Medical practices and other healthcare providers have become a popular target for hackers, phishing scams and ransomware attacks. These malicious assaults add to the security risk threats imposed by inadvertent and inappropriate disclosures of PHI by practice staff or physicians. Medical practices have always exercised care to protect the privacy of their patients but in the new electronic age, that protection is far more difficult than locking the office suite doors at night. The dangers can now come from the other side of the world and the costs of a mistake can be financially lethal. How did we get here, and what can you do to protect yourself?
Medical record information has always been more valuable to criminals than the value of credit card information, because it contains social security numbers, home addresses and other identifying information. Since credit card companies now send emails to the card holder at the instant of a charge, there is much less utility available to the holder of stolen credit card data, and a resulting greater value to Personal Health Information obtained from a healthcare provider. This utility value of stolen information is augmented by the fact that hospitals and care givers must regain patient information, or risk a failure in provision of patient care. Thus, ransomware hackers find their first “return on investment” from the ransom which will be paid to recover the use of the medical data seized by a hack event. When the ransom fee, together with identity theft value, is found in “soft targets” like small medical practices, it is little wonder that CMS estimates that thousands of medical practices are being hacked each day.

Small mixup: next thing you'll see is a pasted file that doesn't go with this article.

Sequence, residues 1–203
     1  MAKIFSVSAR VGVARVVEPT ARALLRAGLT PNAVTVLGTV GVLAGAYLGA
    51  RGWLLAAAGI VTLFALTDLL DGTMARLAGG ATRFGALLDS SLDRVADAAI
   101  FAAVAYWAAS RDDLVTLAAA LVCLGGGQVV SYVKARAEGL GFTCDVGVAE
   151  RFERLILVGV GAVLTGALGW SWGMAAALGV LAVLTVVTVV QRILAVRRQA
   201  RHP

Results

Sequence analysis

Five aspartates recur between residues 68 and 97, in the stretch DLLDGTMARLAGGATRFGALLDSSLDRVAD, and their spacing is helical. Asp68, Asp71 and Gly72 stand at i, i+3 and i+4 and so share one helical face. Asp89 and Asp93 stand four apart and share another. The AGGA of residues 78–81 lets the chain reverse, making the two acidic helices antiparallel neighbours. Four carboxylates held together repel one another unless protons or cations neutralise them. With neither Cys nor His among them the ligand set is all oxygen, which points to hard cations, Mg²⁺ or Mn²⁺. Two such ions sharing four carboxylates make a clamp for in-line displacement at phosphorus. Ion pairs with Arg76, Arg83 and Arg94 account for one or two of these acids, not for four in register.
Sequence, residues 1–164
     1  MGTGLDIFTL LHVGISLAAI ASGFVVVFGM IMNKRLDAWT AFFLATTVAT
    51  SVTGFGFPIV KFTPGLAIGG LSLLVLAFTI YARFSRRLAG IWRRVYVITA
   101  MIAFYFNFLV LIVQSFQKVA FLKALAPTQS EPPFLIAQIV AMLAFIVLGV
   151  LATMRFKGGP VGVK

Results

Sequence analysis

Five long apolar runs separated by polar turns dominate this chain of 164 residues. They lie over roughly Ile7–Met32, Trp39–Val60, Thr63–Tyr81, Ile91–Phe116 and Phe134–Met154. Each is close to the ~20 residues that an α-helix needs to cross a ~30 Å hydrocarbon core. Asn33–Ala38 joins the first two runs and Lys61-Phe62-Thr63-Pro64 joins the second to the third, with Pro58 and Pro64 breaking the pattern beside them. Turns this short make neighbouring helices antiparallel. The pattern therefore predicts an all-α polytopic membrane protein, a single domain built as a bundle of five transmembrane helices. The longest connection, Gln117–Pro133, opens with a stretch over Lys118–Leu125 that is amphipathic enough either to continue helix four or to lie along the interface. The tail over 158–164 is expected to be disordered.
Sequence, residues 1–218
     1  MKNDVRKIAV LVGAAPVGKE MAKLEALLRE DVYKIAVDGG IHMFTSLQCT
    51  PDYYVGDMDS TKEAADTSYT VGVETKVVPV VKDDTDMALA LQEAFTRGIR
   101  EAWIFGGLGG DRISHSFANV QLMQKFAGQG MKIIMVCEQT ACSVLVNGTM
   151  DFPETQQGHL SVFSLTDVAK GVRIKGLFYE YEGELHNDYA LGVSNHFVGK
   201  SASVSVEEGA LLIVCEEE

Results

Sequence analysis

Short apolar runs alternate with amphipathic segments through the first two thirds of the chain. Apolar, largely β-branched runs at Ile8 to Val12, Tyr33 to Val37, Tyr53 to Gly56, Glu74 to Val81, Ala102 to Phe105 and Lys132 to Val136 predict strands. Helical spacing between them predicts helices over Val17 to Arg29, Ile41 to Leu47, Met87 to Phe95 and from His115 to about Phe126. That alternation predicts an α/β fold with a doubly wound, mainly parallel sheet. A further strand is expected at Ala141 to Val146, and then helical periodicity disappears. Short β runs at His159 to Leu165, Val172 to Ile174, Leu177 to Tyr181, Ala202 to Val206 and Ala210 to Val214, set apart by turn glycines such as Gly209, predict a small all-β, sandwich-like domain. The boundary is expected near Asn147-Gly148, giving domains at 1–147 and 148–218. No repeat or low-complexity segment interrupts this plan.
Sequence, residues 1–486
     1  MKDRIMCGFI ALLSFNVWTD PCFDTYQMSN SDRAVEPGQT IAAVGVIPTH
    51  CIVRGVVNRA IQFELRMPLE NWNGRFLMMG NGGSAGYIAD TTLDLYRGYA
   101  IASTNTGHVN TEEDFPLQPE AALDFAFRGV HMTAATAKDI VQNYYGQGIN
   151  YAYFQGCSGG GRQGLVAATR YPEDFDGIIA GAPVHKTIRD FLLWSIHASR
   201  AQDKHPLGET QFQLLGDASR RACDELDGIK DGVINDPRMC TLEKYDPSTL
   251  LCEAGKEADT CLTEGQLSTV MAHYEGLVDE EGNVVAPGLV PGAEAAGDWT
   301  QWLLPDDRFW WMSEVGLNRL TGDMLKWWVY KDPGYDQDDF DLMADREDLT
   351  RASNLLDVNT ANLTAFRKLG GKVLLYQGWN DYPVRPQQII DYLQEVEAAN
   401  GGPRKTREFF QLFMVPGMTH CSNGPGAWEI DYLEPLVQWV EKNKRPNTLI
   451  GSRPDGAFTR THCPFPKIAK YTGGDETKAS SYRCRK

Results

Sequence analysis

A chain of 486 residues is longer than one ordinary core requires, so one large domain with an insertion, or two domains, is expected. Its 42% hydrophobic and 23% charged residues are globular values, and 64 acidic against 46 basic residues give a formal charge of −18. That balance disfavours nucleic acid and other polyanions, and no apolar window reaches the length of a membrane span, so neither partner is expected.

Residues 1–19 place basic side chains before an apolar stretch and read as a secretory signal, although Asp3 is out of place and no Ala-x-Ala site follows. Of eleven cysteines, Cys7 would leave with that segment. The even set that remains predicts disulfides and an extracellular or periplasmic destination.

The mistake of many physicians is to presume the sufficiency of their computer defenses on the basis of the system’s daily functionality. Just because it worked this morning when you began clinic, does not mean it is secure. And even though your group may have qualified for Meaningful Use by performing the requisite Security Risk Assessment, you may still not be safe from a hacking effort. The periodic presence in your office of a guy who does computer support from his basement, may also afford you a sense of security which is false. So how do you gain legitimate comfort in this regard?
First, explore the possibility of cybercrime insurance coverage. It is still relatively inexpensive and is offered by most med mal insurance carriers as well as property and casualty insurers. Next, get on the cloud and away from in house servers to add some security from problems which arrive via the internet. Train and retrain your staff on privacy and data security behavior for which they are responsible. E-mail test your team as a “spoof” using the latest ransomware attempts and review the management report of which employees click and would have created potential vulnerability if the attempt had been malicious. Have a fresh set of eyes review your present IT provider for areas overlooked. Arrange a secure offsite bunker and contract to back up your data to that storage location. Install systems to render your patient data unusable at the instant it is inappropriately seized. This last step may enable you to handle a ransomware event without a presumption that a HIPAA breach has occurred.
The threats are increasing, your data is growing in value and the historical bases for comfort are no longer valid. A security failure is a potentially huge cost in dollars and reputation. Secure the help to secure your records and your practice future.